The logger module is the recommended method for sending messages to a console, unlike the printk() function, which will not return until all bytes of the message are sent. The logger module supports both in-place and deferred logging among many other advanced features such as:
Compile time filtering on module level
Run time filtering independent for each backend
Timestamping with user-provided function
Dedicated API for dumping data
Coloring of logs
printk() support – printk message can be redirected to the logger
As you will see, the logger module is highly configurable at compile time and at run time. By using proper configuration options, logs can be gradually removed from compilation to reduce image size and execution time when logs are not needed. During compilation, logs can be filtered out based on module and severity level.
More in this (Lesson 7)
When the logging module is used, it will create a low priority thread (log_process_thread_func) by default. The task of this thread is to take the deferred “queued” logs and push them out to a console.
Logs can also be compiled in, but filtered at run time using a dedicated API. The run time filtering is independent for each backend and each module. There are four severity levels available in the system, see the table below.
1 (most severe)
Severe error conditions
Conditions that should be taken care of
Informational messages that require no action
4 (least severe)
Logger module: Severity levels
The following set of macros are available for each level:
LOG_X for standard printf-like messages, where X can be DBG, INF, WRN, or ERR.
[00:00:00.382,965] is a timestamp associated with the generation of the message. It uses the format hh:mm:ss.ms,us. The logger gets the timestamp by internally calling the kernel function k_cycle_get_32(). This routine returns the current time since boot up (uptime), as measured by the system’s hardware clock. You could change this to return an actual time and date if an external Real-time clock is present on the system.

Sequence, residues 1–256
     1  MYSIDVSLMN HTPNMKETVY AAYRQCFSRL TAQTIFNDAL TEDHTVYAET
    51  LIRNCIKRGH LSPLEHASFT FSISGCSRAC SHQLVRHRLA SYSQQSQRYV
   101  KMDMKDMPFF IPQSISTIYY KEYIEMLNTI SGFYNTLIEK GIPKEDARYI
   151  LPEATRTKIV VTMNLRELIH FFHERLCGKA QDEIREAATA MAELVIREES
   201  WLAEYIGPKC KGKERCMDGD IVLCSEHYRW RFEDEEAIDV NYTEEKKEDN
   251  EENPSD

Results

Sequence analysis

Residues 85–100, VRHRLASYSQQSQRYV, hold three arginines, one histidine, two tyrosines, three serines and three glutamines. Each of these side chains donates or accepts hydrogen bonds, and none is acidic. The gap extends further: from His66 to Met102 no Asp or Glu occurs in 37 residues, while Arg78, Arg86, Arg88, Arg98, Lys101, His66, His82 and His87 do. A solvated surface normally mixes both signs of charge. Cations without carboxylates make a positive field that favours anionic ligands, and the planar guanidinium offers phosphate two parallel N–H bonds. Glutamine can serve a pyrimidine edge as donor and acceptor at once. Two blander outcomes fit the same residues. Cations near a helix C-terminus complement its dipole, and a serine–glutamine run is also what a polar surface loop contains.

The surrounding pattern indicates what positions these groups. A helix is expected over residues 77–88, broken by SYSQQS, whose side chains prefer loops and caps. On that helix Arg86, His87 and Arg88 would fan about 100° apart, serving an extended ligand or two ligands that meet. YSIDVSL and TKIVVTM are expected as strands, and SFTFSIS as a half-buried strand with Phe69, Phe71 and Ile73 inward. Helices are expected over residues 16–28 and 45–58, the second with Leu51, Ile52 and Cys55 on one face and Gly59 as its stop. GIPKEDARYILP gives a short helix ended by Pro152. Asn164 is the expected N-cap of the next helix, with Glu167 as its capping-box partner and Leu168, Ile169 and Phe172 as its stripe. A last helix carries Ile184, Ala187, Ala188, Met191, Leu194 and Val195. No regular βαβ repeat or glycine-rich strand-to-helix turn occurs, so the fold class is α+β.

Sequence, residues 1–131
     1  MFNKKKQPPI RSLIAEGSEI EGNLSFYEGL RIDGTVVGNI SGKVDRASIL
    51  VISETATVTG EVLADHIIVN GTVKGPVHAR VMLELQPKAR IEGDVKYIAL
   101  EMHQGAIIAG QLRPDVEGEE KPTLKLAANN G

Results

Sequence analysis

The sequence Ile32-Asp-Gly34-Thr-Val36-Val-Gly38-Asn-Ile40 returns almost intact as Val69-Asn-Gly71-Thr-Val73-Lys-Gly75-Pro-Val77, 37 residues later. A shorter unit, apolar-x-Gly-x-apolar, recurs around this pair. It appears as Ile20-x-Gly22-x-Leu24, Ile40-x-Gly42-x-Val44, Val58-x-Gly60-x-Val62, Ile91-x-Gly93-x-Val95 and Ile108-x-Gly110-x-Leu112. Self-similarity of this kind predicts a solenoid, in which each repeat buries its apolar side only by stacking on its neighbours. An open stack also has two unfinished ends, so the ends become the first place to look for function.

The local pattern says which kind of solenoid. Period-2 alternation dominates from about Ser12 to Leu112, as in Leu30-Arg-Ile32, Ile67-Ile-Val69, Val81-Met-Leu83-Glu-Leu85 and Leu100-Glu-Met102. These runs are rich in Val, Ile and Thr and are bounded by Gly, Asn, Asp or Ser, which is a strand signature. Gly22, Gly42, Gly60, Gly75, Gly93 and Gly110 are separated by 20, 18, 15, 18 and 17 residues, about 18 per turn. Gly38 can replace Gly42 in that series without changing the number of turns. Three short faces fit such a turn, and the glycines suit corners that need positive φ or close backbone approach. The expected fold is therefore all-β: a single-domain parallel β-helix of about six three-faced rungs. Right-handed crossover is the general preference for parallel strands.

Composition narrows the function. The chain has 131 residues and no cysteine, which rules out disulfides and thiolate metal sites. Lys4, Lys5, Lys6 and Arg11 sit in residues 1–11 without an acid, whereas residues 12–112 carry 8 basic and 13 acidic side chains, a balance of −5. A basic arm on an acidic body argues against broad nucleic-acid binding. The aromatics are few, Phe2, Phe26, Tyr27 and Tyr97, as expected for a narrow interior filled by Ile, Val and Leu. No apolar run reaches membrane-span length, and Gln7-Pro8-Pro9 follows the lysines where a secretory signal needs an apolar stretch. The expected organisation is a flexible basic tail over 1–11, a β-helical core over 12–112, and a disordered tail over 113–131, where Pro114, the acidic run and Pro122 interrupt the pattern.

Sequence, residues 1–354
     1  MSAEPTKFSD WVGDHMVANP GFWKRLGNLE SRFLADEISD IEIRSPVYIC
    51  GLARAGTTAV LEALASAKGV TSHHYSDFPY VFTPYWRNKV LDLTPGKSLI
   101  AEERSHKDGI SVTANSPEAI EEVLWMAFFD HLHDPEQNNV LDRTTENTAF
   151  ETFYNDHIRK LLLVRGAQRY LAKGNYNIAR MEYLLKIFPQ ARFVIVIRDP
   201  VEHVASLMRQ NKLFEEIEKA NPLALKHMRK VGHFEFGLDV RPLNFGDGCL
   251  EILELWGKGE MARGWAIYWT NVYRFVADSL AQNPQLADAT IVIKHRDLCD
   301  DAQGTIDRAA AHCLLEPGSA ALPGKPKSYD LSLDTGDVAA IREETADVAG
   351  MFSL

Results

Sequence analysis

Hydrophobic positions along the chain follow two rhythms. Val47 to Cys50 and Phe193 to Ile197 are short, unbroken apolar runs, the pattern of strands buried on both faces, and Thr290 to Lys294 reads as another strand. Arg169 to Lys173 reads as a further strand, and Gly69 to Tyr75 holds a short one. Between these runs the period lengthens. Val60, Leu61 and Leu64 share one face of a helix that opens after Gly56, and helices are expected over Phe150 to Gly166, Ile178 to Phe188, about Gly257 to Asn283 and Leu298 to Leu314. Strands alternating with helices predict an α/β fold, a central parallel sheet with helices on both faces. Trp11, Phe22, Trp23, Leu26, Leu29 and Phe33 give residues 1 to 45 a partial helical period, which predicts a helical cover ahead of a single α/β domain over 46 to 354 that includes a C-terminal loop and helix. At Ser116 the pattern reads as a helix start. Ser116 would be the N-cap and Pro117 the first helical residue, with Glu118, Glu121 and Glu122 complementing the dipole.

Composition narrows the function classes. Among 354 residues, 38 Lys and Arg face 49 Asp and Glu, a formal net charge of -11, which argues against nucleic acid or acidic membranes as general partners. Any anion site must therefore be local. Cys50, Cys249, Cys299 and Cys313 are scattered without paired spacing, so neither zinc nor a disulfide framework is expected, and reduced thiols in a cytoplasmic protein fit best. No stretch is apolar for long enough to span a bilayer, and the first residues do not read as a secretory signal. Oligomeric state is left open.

<inf> indicates the severity level, i.e information.
Less4_Exer2 is the name of the module generating the log message.
nRF Connect SDK Fundamentals is the actual message.
As another example, the following lines:
LOG_DBG("A log message in debug level");
LOG_WRN("A log message in warning level!");
LOG_ERR("A log message in Error level!");
would print the following on the console:
The first logging command LOG_INF("Exercise %d",2) is used to generate a formatted string with an integer place holder %d, similar to what have we seen with printk(). Instead of the constant 2, you could place any integer variable to print its value.
The remaining three logging lines will print messages in three different severity levels. Note that messages with Warning severity level will be displayed in yellow and messages with Error severity level will be displayed in red. This is because the coloring of error and warning logs feature (LOG_BACKEND_SHOW_COLOR) is enabled by default as we will see in Exercises 2 and 3.
We also have the LOG_HEXDUMP_X macros for dumping data where X can be DBG, INF, WRN, or ERR.
The LOG_HEXDUMP_X macro takes three parameters: a pointer to the data to be printed, the size in bytes of the data to be printed, and a string to describe the data.
There are two configuration categories for the logger module: configurations per module and global configuration. When logging is enabled globally, it works for all modules. However, modules can disable logging locally. Every module can specify its own logging level (LOG_LEVEL_[level]) or use LOG_LEVEL_NONE, which will disable the logging for that module.
The module logging level will be honored unless a global override is set. A global override can only increase the logging level. It cannot be used to lower module logging levels that were previously set higher. It is also possible to globally limit logs by providing a maximum severity level present in the system. For instance, if the maximum level in the system is set to INFO, messages less severe than the info level (i.e DEBUG) will be excluded.
Each module that is using the logger must specify a unique name and register itself to the logger. We will cover how to do this in Exercise 2. If the module consists of more than one file, registration is performed in one file, but each file must declare the module name.
As we have seen, the logger API has two types of messages: standard and hexdump. When the logger API is called, a message is created and added to a dedicated, configurable buffer containing all log messages. Each message contains a source ID, timestamp, and severity level. A standard message contains a pointer to the string and any arguments. A hexdump message contains copied data. We will cover how to use the logger module in Exercise 2 and Exercise 3.
The logger module is designed to be thread-safe and minimizes the time needed to log the message. Time-consuming operations like string formatting or obtaining access to the transport (i.e UART, RTT or whatever backend you are using) are not performed immediately when the logger API is called.